Finally, writing a plugin to Firefox that would interact with the WLAN drivers of a machine (as ‘simply’ integrating aircrack-ng would require) is probably not even possible to do with the permissions that Firefox is normally granted. So you’d need to create a blended, multi-tool attack- in which case, attackers are already doing it and there’s no need for the ‘point and shoot’ tool of Firesheep anyways.

    1. First, everyone has the same shared key. The Beck-Tews and other attacks aren’t really practical, anyway, except for very limited packet injection and perhaps DNS poisoning.

      Second, 802.1X with the same user name and login is very simple to implement. There’s no user management if it’s one user name, one password, used entirely as a way to create secured key exchange.

      Third, this isn’t a limit I know of if you are the owner and have administrative privileges on the Mac, Linux, or Windows machine on which Firefox is running, but I could be wrong.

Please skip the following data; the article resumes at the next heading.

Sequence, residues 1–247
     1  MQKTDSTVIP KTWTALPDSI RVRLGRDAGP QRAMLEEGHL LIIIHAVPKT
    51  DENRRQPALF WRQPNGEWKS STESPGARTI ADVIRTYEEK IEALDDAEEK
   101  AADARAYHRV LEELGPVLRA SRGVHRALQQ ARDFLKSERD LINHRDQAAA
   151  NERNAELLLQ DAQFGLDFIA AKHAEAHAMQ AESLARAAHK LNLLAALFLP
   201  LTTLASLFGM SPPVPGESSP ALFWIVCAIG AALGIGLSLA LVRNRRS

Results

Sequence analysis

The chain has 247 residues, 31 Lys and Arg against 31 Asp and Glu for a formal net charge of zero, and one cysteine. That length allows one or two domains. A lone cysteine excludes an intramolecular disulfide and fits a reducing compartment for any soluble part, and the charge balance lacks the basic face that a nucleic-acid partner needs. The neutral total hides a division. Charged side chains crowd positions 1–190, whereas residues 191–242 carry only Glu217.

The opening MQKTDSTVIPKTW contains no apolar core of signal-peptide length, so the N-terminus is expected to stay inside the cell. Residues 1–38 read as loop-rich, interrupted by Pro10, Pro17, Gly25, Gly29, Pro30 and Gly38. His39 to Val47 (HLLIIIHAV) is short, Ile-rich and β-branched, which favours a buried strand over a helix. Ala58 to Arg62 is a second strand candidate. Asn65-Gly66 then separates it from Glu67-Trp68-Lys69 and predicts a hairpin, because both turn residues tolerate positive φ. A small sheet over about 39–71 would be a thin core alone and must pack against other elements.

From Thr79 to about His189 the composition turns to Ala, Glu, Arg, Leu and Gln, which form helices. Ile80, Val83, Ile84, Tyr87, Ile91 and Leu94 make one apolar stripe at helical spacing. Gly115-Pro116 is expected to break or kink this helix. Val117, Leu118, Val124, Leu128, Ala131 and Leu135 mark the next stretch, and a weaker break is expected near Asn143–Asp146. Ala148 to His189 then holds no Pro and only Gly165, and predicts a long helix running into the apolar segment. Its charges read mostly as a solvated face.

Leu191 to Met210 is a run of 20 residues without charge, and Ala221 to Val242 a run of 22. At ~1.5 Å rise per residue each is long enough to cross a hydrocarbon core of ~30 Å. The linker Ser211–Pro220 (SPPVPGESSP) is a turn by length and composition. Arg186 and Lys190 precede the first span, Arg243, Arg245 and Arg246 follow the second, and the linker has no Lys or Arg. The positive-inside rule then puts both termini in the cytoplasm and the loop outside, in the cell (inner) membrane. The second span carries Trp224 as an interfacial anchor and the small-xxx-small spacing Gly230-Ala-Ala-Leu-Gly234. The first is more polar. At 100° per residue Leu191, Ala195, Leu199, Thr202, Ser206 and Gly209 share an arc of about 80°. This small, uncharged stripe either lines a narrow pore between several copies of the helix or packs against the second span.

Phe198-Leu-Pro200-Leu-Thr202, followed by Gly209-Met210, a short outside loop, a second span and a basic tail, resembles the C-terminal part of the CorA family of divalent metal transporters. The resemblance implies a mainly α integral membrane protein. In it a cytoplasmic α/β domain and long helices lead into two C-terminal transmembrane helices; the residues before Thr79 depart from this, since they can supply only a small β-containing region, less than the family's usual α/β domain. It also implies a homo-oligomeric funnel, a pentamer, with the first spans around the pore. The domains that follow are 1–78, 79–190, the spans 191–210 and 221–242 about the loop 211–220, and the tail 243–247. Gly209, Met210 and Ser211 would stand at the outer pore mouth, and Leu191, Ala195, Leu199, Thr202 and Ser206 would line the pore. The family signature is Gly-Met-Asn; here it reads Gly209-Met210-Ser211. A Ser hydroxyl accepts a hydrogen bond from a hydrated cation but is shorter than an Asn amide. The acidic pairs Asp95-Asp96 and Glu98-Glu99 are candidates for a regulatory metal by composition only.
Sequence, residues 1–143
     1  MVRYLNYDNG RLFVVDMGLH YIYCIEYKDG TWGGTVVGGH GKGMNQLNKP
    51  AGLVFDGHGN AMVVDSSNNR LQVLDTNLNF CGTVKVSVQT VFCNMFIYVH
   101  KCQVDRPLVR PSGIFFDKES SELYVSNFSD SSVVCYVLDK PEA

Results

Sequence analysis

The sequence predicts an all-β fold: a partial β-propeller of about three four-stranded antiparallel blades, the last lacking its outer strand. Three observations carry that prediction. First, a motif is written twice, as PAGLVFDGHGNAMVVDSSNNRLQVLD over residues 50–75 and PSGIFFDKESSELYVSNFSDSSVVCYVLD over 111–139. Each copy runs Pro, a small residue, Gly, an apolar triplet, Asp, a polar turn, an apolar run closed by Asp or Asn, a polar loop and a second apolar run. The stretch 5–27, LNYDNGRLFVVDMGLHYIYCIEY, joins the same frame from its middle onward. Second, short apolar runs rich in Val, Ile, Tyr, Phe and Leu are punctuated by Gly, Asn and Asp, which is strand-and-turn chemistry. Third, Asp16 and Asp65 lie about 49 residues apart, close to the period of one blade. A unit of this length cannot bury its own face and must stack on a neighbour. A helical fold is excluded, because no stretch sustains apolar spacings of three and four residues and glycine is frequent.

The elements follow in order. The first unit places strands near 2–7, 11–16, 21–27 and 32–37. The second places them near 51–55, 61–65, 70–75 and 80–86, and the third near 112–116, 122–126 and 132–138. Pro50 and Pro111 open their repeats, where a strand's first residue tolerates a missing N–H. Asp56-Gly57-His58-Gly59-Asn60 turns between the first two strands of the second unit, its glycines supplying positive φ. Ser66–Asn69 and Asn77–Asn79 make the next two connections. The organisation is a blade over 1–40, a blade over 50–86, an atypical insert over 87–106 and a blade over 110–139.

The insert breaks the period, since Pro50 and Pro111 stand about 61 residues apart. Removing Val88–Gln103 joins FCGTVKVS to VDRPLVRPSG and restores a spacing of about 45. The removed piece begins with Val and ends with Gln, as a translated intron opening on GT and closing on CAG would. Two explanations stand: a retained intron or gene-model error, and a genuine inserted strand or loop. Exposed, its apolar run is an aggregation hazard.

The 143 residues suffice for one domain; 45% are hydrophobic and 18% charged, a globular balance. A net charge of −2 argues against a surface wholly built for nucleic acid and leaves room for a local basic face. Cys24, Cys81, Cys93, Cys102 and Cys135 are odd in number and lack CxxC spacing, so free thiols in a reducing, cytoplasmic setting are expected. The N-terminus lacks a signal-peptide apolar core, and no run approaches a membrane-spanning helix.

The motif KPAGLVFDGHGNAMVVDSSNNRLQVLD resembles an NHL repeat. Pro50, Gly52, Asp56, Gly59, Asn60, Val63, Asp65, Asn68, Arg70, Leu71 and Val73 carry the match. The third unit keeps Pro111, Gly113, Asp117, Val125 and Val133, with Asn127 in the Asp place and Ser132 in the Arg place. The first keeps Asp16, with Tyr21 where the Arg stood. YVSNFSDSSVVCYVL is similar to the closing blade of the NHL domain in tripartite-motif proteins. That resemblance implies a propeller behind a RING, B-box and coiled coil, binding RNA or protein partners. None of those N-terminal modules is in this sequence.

1. Point taken, and apologies for my confusion on your attack scenario and suggested remedies.

        However I still doubt a Firefox plugin could interact with the WLAN drivers in the way that injecting a deauth would require. But I don’t know much about developing Firefox plugins/extentions. A quick read thru the documentation doesn’t seem to mention much about getting the deep kernel-level hooks it would require – in the case of graphics, etc, it’s all through a third party API like Flash.

        I would instead expect the hypothetical “Little Bo PEAP”, aka “Firesheep 2” tool to be standalone, and probably only run in linux or OSX – since packet injection in Windows is notoriously picky, and this attack would require decrypting traffic on the fly, two things that are probably a hassle to do within the constraints of a browser plugin.

        That, really, is the main speculative point here – that it’s inevitable that someone will create a ‘point and click’ way to automate the PTK-derivation attack, and then package it with a cookie stealer that reads the decrypted traffic. And this may certainly occur, but probably not in quite such a simple form, due to the hardware-layer interactions required.